Day The World Ended (1955) – Roger Corman

Atomic Mutations is the next chapter in DK Canada’s Monsters in the Movies, and the first one I chose to dive into is a Roger Corman film from the mid-50s. Nuclear war has happened, and seven survivors have holed up in a remote home, safely enclosed in a protected valley. Jim Maddison (Paul Birch) and…

Star Trek: Enterprise (2004) – Proving Ground, and Stratagem

Captain’s log: 6 December, 2153 Chris Black pens this episode that first aired on 21 January, 2004. It sees an Andorian ship, commanded by Shran (Jeffrey Combs) arriving unexpectedly in the Delphic Expanse in an effort to help Archer (Scott Bakula) and the Enterprise find the Xindi weapon. As surprised and delighted to see Shran…

From Russia With Love (1957) – Ian Fleming

This week I dove into Ian Fleming’s fifth James Bond novel, and the one that was most closely adapted for the big screen, though SPECTRE is slipped into the film version, whereas in this tale it is simply east versus west as SMERSH, the Russian spy organisation comes up with a plan to humiliate the…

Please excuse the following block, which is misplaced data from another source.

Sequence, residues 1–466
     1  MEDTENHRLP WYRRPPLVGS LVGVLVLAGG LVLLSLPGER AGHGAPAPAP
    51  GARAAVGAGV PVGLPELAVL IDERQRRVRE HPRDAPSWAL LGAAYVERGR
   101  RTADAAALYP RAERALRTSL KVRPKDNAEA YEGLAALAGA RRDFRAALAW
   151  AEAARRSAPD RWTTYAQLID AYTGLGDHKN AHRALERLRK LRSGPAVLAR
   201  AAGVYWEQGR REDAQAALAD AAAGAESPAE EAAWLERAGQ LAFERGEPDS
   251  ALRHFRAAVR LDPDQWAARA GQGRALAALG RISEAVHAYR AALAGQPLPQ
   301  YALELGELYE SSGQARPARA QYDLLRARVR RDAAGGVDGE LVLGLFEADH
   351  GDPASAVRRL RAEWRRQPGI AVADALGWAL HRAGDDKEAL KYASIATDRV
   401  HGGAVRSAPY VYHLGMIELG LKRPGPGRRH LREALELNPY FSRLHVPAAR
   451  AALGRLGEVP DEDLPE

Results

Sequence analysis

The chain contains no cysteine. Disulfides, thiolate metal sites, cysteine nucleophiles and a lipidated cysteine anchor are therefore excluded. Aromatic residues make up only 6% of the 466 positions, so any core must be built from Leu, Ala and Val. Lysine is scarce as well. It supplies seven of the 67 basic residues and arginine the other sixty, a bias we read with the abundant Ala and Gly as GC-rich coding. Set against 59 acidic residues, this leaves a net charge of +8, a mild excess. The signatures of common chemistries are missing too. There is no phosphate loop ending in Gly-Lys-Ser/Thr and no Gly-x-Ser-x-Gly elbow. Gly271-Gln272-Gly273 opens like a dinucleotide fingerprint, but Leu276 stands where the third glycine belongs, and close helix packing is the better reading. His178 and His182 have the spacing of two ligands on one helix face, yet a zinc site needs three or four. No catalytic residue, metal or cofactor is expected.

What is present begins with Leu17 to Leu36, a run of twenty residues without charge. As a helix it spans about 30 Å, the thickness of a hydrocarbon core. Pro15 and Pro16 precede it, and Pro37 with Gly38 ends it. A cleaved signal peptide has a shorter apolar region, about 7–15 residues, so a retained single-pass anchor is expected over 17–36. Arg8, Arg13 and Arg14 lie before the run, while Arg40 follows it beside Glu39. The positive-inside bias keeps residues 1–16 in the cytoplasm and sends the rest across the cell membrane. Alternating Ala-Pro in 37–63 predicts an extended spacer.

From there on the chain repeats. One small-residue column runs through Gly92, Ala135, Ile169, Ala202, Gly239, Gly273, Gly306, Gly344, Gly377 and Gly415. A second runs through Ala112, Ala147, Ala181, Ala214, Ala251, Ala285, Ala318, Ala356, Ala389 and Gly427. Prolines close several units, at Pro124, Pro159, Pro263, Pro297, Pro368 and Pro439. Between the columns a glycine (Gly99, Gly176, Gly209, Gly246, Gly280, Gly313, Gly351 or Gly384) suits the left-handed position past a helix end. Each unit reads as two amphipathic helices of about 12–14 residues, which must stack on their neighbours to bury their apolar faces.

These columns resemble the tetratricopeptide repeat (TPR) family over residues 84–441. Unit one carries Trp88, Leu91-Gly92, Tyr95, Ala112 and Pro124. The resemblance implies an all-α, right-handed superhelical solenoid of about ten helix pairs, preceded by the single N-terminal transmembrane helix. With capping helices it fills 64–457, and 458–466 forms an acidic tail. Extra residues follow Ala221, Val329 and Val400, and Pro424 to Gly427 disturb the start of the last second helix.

Robot Monster (1953) – Phil Tucker

DK Canada’s Monsters in the Movies book, by director John Landis brings me a 50s title that is so bad, it’s come around to good, passed that and slapped it for being out too late and travelled back to bad again. It’s also become iconic, in that the monstrous ape, the chapter I am currently…

Star Trek: Enterprise (2002) – Shockwave Part II, and Carbon Creek

Captain’s log: February, 2152 Rick Berman and Brannon Braga pen the season two opener of Enterprise, which resolves the Shockwave cliffhanger. The season debuted on 18 September, 2002. While Captain Archer (Scott Bakula) is seemingly marooned in the 31st century with Daniels (Matt Winston), the crew of the Enterprise is taken prisoner by the Suliban….

Revelation Space (2000) – Alastair Reynolds

Growing up I loved science fiction movies and television (still do) but as far as reading went I stuck to Star Wars and Star Trek novels before finally letting Arthur C. Clarke’s 2001, and Frank Herbert’s Dune open my mind up a little more. Still, I wouldn’t delve much deeper than that for a number…